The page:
Young men are the target of a new Quit campaign, which urges smokers to ditch cigarettes now rather put off quitting until they are older and starting to feel the damage to their health.
The campaign is centred on a television advertisement which shows a young man who uses typical excuses to delay quitting – figuring he will quit smoking once footy training starts, or before he wakes up coughing or becomes a father.
Time catches up with the young man, who finds himself still smoking in his early 40s, struggling to keep up with his young children and wishing he’d quit years earlier. The message is: “You know you’ll quit one day, so get tough with yourself – do it now”.
Quit Victoria Director Dr Sarah White said targeting male smokers aged 18-34 was a new approach, since Quit’s campaigns usually aimed to reach male and female smokers across a broad age group.
“Research with young male smokers showed they think differently about their smoking, compared to other demographics,” Dr White said.
“Young men told us they saw quitting as a strong and masculine choice, and something a good father or father figure would do.
“The campaign carries an aspirational message designed to enhance men’s self-belief and encourage them to quit now rather than put it off until later when the damage will be done.”
The new campaign comes as new Cancer Council Victoria data released today shows that more men in the state were daily smokers (13.9%) than women (10.1%) in 2015.
For Victorian smokers aged 18 to 29 years:
Overall in 2015, 11.9% of Victorians were daily smokers. This represents a substantial decline over the past decade, from 17.3% of Victorian adults who were daily smokers in 2004-05.
The findings are from the Victorian Smoking and Health Survey – an annual telephone survey of about 4000 Victorians which is designed to provide a representative sample of the state’s population.
Cancer Council Victoria chief executive Todd Harper welcomed the decline in smoking rates, which reflected the fact that more smokers are quitting and fewer young people are taking up smoking.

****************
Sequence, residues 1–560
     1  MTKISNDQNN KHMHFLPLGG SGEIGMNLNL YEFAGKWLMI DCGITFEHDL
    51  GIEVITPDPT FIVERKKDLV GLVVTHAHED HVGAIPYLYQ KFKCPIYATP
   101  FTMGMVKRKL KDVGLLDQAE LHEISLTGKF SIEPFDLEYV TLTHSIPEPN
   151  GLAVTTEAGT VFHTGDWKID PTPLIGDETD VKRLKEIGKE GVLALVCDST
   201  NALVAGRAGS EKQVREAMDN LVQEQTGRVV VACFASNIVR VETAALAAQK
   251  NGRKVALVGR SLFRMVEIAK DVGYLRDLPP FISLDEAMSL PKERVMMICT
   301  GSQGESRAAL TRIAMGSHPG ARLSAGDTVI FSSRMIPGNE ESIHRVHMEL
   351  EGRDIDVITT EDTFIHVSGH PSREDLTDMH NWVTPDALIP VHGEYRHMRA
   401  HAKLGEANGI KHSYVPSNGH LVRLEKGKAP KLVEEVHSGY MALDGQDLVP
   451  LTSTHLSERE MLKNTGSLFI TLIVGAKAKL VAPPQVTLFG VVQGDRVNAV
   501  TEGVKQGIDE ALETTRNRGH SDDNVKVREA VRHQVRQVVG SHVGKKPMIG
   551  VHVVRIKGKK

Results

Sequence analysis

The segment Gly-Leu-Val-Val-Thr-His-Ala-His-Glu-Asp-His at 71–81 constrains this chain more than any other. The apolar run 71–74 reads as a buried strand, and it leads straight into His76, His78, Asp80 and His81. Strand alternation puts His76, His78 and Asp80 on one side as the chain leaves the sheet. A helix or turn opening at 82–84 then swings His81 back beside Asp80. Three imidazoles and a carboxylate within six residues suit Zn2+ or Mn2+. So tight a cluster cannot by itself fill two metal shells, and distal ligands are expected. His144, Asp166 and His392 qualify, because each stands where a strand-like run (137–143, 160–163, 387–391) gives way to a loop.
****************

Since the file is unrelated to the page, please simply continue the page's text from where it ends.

“The trend is definitely going in the right direction across the population, but we need to make sure that young men understand the risks they take by continuing to smoke. Smoking kills two out of three long-term users,” Mr Harper said.
“There is no room for complacency in our efforts to tackle the scourge of death and disease caused by smoking.”
Health promotion foundation VicHealth CEO Jerril Rechter said while declining smoking rates were encouraging, smoking remained one of the largest causes of preventable death in Australia.
“It is vital we continue to reduce smoking rates by targeting our efforts at the people who are most likely to smoke,” Ms Rechter said.
“We know that a higher percentage of young men smoke than women. This campaign will encourage young men and their families to really think about the danger of smoking and the importance of quitting now.”
The new young men’s campaign is due to air from Sunday April 16, and will be supported by digital and outdoor advertising.
Quit Victoria is a partnership between VicHealth, Cancer Council Victoria, the State Government of Victoria and the Heart Foundation.